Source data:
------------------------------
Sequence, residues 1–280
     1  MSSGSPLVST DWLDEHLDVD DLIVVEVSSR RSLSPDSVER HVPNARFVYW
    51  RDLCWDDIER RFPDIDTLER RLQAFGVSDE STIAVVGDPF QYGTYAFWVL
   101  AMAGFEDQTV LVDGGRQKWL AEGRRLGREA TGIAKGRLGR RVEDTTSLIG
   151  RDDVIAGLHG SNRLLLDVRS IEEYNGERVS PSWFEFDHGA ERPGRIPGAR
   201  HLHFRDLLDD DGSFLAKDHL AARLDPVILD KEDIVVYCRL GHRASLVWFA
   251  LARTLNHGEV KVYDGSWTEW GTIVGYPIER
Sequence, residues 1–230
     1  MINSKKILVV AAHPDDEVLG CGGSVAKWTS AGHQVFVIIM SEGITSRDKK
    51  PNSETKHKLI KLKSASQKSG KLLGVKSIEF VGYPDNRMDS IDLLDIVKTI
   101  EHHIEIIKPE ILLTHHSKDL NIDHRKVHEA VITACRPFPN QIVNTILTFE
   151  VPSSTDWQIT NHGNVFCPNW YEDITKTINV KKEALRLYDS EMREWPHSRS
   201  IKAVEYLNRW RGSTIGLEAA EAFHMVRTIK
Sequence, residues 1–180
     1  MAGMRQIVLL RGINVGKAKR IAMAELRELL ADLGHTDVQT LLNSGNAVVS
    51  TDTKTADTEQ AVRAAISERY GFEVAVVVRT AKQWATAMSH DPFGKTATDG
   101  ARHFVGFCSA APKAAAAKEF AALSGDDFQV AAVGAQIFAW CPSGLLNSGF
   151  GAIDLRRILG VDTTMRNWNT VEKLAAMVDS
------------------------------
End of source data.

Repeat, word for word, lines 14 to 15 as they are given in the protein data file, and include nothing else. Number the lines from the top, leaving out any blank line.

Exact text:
Sequence, residues 1–180
     1  MAGMRQIVLL RGINVGKAKR IAMAELRELL ADLGHTDVQT LLNSGNAVVS